Using PRISM, can an intelligence analyst simply type an email address into the program and gain instant access to that user’s inbox? It certainly seems that way. Edward Snowden told the Guardian he could spy on the President if he had a personal email address for him. Snowden worked at Booz Allen for less than three months and already had a massive amount of access into the surveillance network. For such a low-level employee, what he learned at Booz Allen is now a matter of great international importance.
Then there’s the matter of storage space—obviously all of this data needs to be recorded somewhere. News broke last year that the NSA built the United States’ largest data centre in Utah that stores intercepted data taken from programs like PRISM. It makes one wonder if the limits we have on our broadband internet plans and cell phone data has more to do with the storage limitations of centres like the NSA’s in Utah than it does anything else. If everyone had unlimited internet plans, the NSA would need a much bigger data centre that might be outside of their conceivable storage capabilities. The added overage charges that providers can collect from bandwidth hogs might just be a bonus.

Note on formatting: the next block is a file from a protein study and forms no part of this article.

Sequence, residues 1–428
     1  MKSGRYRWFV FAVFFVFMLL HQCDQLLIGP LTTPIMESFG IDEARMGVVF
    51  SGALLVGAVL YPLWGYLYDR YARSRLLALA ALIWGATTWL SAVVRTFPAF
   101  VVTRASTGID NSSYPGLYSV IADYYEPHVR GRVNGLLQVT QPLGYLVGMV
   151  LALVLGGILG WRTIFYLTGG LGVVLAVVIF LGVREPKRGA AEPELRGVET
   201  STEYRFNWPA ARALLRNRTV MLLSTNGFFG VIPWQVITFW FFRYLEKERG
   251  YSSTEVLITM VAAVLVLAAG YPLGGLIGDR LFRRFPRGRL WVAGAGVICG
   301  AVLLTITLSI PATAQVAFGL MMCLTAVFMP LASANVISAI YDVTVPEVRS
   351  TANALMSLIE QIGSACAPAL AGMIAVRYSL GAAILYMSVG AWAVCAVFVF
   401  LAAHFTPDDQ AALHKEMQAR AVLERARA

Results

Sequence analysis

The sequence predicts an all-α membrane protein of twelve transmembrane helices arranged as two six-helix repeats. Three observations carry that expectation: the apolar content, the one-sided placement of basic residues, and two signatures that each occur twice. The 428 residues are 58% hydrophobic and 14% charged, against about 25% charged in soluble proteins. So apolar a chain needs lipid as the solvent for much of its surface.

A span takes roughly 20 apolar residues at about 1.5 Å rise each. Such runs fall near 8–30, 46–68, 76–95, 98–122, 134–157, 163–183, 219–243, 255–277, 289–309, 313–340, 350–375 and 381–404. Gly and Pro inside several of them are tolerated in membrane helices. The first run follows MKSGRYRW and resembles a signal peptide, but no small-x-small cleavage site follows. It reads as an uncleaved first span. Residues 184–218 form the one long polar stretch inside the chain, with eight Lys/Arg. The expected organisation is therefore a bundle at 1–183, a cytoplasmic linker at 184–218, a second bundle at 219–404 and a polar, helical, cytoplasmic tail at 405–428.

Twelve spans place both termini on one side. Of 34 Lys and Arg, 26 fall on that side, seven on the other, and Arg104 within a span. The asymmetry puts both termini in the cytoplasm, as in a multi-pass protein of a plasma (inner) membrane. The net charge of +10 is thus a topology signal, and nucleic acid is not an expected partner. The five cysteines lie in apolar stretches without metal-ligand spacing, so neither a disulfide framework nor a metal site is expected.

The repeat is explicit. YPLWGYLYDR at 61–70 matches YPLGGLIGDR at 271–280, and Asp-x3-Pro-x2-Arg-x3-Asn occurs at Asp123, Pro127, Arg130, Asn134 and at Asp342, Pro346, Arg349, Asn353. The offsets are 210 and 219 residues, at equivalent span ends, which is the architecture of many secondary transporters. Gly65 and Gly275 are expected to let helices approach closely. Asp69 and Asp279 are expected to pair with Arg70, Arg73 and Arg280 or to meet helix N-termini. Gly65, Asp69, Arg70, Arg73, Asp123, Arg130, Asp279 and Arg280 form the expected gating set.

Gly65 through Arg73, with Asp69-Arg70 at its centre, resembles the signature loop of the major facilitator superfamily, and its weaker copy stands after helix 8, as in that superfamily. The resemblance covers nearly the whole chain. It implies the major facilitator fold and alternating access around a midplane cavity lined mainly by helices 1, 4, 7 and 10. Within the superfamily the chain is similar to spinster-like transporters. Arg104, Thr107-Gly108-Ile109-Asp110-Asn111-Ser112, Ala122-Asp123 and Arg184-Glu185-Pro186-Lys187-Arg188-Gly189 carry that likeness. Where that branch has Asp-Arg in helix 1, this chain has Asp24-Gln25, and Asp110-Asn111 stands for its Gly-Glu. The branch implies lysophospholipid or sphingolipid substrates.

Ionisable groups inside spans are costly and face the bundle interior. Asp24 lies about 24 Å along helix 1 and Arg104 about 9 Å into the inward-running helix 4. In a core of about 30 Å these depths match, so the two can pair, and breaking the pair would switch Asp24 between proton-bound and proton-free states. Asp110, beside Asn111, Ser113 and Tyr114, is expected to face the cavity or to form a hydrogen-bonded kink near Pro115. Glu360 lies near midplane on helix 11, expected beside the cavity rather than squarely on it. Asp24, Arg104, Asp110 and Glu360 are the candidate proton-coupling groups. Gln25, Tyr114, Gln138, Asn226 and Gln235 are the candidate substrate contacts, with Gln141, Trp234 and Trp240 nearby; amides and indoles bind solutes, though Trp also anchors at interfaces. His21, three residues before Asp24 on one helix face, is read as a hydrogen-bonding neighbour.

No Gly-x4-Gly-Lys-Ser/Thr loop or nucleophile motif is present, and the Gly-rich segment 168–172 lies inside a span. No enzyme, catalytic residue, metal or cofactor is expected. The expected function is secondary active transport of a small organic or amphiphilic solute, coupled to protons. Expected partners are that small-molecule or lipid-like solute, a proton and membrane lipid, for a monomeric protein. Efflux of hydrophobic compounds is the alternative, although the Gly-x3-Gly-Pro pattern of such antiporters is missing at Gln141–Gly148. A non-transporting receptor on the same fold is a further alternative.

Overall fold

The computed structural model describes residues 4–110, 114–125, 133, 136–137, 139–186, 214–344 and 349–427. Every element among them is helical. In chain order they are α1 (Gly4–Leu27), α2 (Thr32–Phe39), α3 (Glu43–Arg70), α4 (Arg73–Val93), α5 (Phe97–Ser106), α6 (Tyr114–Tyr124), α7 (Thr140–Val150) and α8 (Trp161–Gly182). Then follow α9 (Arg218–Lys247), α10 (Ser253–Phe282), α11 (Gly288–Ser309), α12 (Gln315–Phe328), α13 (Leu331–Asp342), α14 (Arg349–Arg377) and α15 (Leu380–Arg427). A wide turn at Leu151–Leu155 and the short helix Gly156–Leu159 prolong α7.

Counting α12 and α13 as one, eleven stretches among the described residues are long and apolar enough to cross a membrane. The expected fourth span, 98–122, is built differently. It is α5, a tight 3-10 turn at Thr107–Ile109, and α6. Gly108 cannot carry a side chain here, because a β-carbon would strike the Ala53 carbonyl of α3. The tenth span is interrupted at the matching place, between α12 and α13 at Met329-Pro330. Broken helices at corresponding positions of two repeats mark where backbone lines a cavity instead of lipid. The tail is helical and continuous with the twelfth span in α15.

So even though it appears that the strength of PRISM affects Canadian telecommunications, the Canadian government is doing their part to increase digital surveillance as well. The Globe and Mail published raw documents on Monday that detail a plan by the Harper government to extend the capabilities for intercepted private communications online. Plus, given that Stephen Harper was in Peru last month to chat with the United States and a coalition of other countries (none from Europe) to discuss a new plan to control the internet—it’s clear that Canada intends to follow the leader when it comes to a clamping down on internet freedom.
All of this should be of the utmost concern to anyone who takes pride in a free internet and is worried about it being recklessly monitored by the US government and their private intelligence contractors. While law-abiding individuals will be able to live without any real fear of imprisonment under this new cyberstate, the danger to whistleblowers in this climate is a troublesome conflict, and at the very least, we should all be aware of who is listening to us and why.